The Fine Flat Tip supports will have a much higher density than normally seen in other support types. This is because the intent is to cover a large surface that cannot be reoriented to optimize. The larger amount of supports allow for much smaller supports tips while still maintaining build reliability. Take caution to zoom in on the part to get a real look at how big the support is going to be. The anchor points scale in 3D Sprint™ for the user to see the location but size can be deceiving.
|Figure 22. Fine Flat Tip anchor points with window zoomed in and out for comparison.|
Some larger parts get over supported due to the conservative nature of the support style used to handle a larger collection of geometries. Some of these supports can be deleted using the Modify/Erase Function on the Smart Support tabs.
Figure 23. Erase location in Modify tab.
The user will have to determine how many supports can be removed from the part. Most parts building at >45-degree angle can print self-supporting with only few supports needed. This will make cleaning the support tips left on the part after printing much easier.
|Figure 24. Over supported part is on the left. The modified part is the image on the right.|
Fine Flat Tip supports are dependent on the angle set in the parameters. This can be changed by the user and will be explained later in this document. However, the default is at 50-degree angle. Thus all flat surfaces <50-degrees will get supports. This can also cause over supporting edges that do not need supports. This is shown in Figure 25.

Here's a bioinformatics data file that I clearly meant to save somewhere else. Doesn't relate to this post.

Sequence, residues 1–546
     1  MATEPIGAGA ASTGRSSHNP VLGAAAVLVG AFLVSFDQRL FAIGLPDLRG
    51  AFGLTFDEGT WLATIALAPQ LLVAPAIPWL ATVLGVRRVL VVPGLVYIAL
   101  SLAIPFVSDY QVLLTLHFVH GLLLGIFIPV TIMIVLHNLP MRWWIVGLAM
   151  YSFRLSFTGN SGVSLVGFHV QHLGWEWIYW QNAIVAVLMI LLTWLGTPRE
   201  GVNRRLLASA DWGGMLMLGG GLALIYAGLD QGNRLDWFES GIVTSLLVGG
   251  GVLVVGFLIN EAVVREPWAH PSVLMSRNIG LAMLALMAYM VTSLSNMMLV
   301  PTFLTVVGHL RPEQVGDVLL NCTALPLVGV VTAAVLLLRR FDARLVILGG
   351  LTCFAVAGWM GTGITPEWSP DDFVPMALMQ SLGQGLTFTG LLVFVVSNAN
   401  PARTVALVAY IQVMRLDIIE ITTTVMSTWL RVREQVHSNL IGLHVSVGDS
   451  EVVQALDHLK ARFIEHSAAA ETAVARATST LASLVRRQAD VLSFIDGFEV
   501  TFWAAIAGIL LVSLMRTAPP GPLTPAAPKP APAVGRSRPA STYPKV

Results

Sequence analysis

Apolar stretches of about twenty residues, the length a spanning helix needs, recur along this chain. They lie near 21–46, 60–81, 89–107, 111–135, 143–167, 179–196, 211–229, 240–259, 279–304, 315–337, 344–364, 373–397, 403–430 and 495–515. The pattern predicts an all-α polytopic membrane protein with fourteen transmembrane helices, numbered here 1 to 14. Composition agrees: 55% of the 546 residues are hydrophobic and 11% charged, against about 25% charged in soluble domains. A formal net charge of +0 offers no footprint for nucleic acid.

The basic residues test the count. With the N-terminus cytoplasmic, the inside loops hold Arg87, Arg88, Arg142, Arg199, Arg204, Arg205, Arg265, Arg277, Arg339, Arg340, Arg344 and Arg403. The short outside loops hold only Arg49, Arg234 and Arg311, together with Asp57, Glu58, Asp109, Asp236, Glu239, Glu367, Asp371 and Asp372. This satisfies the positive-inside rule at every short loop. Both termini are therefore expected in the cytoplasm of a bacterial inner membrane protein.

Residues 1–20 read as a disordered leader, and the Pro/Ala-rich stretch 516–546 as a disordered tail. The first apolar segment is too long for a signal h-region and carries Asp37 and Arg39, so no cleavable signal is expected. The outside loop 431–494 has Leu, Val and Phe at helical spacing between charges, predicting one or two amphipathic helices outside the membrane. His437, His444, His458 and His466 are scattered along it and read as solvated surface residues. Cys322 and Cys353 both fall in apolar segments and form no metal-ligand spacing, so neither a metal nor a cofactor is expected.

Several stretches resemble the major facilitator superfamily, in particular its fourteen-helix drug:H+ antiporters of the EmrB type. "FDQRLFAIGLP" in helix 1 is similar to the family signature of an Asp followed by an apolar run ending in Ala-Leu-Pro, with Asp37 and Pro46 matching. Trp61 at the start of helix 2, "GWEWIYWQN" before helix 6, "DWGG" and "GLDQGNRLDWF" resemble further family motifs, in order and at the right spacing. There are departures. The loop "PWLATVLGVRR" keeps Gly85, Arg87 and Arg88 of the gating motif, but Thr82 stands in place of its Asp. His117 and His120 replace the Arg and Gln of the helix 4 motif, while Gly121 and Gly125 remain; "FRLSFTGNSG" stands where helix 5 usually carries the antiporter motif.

|Figure 25. Over supported part is on the left. The modified part is the image on the right.|
Some tips for using these are as follows:
- Use for general purpose printing, and good for large cover parts, flat parts, fine detail or small features.
- Supports can be resized using Chunk Pillar Width and Pillar Top Height as described in the General Flat Tip section.
Because the TOUGH-GRY 10 and TOUGH-GRY 15 are general purpose materials, there are infinite organic shapes that can be presented for supports. No support type all portions of every imaginable geometry, which is why the 3D Sprint™ supports types presented here are setup conservatively. Meaning most parts will get more supports than needed to print a great part. This will mean more tips & tricks are needed to catch anomalies and the 3D Sprint™ software also allows for tools to fix these anomalies.
Part Geometry Requiring Extra Support Modification
Part geometries in this instance are defined as areas of the part or features that do NOT get supported correctly. This normally occurs on corners and large radii edges. In addition, some over supported features that need may cause part defects will need supports removed.
The images in Figure 26 show the added supports to make this a more successful print. This part had been setup with auto generated Fine Flat Tip supports.
|Figure 26. Default Fine Flat Tip anchor points are on the left. Note the image on the right side has supports added to the radius edge circled in RED.|